Several U.S. states have passed new laws that give terminally ill patients greater freedom in obtaining experimental drugs should all other avenues of medical treatment fail them.
The Food and Drug Administration does have a process that allows terminally ill patients to gain access to experimental drugs through a compassionate use policy. However, critics say the process takes too long.
Where do patients have a right to try experimental drugs?
Arizona is the latest state to pass right-to-try legislation and the first to do so at the ballot box. Colorado was the first to approve legislation, which was enacted earlier this year. Other states that have passed right-to-try laws include Louisiana, Missouri and Michigan.
The push for legislation was primed by Goldwater Institute, the conservative-leaning libertarian think tank located in Phoenix, Arizona. In each state where laws were passed, there are restrictions on access to experimental drugs. Typically, those limitations are as follows:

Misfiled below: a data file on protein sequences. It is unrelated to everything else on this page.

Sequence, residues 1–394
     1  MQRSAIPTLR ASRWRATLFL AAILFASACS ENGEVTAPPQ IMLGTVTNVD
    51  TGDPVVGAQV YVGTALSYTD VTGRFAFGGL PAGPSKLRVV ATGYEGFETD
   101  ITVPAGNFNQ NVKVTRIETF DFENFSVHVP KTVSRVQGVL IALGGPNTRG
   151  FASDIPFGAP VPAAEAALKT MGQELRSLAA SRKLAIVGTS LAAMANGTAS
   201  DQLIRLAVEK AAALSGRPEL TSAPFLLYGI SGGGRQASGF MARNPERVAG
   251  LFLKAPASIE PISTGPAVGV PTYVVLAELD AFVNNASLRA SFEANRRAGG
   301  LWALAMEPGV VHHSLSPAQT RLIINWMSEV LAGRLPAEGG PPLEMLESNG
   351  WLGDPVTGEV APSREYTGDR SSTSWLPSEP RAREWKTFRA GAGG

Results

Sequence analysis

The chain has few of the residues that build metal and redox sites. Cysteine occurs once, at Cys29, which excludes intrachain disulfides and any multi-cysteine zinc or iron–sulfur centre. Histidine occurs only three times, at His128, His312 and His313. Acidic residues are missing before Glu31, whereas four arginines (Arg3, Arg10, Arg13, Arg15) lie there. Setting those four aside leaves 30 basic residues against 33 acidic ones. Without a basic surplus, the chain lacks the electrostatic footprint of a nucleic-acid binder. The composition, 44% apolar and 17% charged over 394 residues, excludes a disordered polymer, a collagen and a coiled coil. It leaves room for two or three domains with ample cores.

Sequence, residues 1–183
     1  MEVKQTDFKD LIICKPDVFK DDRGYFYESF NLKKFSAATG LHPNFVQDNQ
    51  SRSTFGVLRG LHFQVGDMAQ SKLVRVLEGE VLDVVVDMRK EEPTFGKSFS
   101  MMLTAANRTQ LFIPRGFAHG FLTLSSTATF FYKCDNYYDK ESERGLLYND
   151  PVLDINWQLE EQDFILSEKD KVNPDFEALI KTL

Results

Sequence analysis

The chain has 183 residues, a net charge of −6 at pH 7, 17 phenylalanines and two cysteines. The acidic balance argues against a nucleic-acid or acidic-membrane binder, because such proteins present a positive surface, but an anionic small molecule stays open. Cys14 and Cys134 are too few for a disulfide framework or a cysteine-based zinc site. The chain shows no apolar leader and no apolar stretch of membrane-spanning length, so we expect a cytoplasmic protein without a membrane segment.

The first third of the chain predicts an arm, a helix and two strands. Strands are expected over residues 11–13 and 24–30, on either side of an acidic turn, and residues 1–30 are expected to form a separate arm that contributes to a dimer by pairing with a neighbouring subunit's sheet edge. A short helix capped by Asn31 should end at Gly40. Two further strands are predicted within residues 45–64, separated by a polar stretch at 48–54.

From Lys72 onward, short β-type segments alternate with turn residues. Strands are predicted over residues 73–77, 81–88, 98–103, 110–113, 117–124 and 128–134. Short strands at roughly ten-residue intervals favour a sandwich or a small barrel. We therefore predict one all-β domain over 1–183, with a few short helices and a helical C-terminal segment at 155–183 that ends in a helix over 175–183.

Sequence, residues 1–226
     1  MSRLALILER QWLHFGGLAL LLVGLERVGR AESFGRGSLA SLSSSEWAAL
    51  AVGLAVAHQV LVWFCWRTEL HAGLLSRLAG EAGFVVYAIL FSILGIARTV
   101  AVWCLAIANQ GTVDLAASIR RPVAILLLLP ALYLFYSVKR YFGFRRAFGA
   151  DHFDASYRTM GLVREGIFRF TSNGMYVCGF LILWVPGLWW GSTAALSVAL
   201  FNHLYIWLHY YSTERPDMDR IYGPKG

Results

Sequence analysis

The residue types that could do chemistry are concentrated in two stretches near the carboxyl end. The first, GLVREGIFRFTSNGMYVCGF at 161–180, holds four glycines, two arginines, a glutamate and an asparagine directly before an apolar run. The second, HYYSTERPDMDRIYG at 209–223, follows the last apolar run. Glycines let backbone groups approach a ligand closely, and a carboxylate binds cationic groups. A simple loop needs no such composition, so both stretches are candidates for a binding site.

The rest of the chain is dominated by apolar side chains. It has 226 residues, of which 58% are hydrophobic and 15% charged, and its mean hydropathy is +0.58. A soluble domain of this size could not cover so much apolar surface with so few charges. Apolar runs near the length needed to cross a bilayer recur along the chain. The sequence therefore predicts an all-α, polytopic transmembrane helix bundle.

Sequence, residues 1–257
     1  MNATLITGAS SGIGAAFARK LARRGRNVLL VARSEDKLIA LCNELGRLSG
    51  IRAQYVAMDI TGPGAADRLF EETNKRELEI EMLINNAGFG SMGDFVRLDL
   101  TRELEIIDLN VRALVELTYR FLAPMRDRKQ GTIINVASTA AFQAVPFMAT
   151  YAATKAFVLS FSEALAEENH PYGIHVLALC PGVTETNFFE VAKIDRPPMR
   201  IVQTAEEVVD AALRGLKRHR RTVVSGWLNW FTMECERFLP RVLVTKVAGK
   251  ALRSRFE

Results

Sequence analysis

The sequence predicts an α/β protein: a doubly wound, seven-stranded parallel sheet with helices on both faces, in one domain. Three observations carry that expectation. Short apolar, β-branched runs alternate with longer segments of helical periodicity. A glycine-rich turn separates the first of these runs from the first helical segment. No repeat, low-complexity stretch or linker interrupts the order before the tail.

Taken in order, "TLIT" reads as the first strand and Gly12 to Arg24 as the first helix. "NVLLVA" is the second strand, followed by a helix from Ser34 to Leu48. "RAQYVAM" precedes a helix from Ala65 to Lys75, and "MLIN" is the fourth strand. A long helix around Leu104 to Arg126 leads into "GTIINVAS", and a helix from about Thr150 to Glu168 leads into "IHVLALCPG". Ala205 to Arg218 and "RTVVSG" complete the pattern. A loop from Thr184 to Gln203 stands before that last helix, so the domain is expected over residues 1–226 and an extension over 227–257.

- Doctors can’t prescribe unapproved drugs until all other medical options have been exhausted;
- Drugs must have passed the initial toxicity and dosage testing phases of the Food and Drug Administration’s clinical trial process;
- Manufacturers are under no obligation to provide drugs for experimental use;
- And insurers are not required to pay for the drugs.
Goldwater Institute is planning to pursue right-to-try legislation in 10 other states in 2015. States where pending and upcoming right-to-try legislation is currently in the works, is planned, or has attracted a grassroots movement include Nevada, New Jersey and Georgia, as well as Texas and Florida.
Both sides of the right-to-try debate
While legislation in those states that have passed right-to-try laws has received broad bi-partisan support, that’s not to say that all organizations have rallied behind the conservative push to pass these laws. Some organizations and professional medical practitioners are decidedly against it.
Pharmaceutical Research and Manufacturers of America is one of them. One bioethicist calls right-to-try legislation “not compassionate but, actually, flat-out cruel.” David Gorski, managing editor of Science-Based Medicine and a surgical oncologist, is another health professional who views right-to-try policies as misguided.
Libertarians, small-government conservatives, and pure free-market ideologues tend to favor the legislation, as do many liberal civil liberties advocates.
One thing is for sure: if marijuana legislation is any guide, the likelihood that more states will give terminally ill patients the right to try experimental drugs when all else fails is as high as ever now that the gate has swung wide open.